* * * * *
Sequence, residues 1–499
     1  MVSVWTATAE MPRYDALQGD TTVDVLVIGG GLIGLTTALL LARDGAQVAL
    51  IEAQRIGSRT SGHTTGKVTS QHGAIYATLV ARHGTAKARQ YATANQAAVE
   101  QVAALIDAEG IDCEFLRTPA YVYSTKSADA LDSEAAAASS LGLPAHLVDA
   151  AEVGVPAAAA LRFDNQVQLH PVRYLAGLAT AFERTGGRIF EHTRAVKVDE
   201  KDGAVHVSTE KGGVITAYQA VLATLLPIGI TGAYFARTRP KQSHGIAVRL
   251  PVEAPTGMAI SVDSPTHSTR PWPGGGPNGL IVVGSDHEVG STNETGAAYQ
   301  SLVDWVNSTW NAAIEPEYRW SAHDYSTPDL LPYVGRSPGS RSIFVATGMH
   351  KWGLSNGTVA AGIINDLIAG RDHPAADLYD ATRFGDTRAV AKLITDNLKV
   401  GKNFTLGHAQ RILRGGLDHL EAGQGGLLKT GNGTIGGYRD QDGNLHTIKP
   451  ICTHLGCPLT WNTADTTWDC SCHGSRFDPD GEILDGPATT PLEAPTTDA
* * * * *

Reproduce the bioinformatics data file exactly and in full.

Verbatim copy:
Sequence, residues 1–499
     1  MVSVWTATAE MPRYDALQGD TTVDVLVIGG GLIGLTTALL LARDGAQVAL
    51  IEAQRIGSRT SGHTTGKVTS QHGAIYATLV ARHGTAKARQ YATANQAAVE
   101  QVAALIDAEG IDCEFLRTPA YVYSTKSADA LDSEAAAASS LGLPAHLVDA
   151  AEVGVPAAAA LRFDNQVQLH PVRYLAGLAT AFERTGGRIF EHTRAVKVDE
   201  KDGAVHVSTE KGGVITAYQA VLATLLPIGI TGAYFARTRP KQSHGIAVRL
   251  PVEAPTGMAI SVDSPTHSTR PWPGGGPNGL IVVGSDHEVG STNETGAAYQ
   301  SLVDWVNSTW NAAIEPEYRW SAHDYSTPDL LPYVGRSPGS RSIFVATGMH
   351  KWGLSNGTVA AGIINDLIAG RDHPAADLYD ATRFGDTRAV AKLITDNLKV
   401  GKNFTLGHAQ RILRGGLDHL EAGQGGLLKT GNGTIGGYRD QDGNLHTIKP
   451  ICTHLGCPLT WNTADTTWDC SCHGSRFDPD GEILDGPATT PLEAPTTDA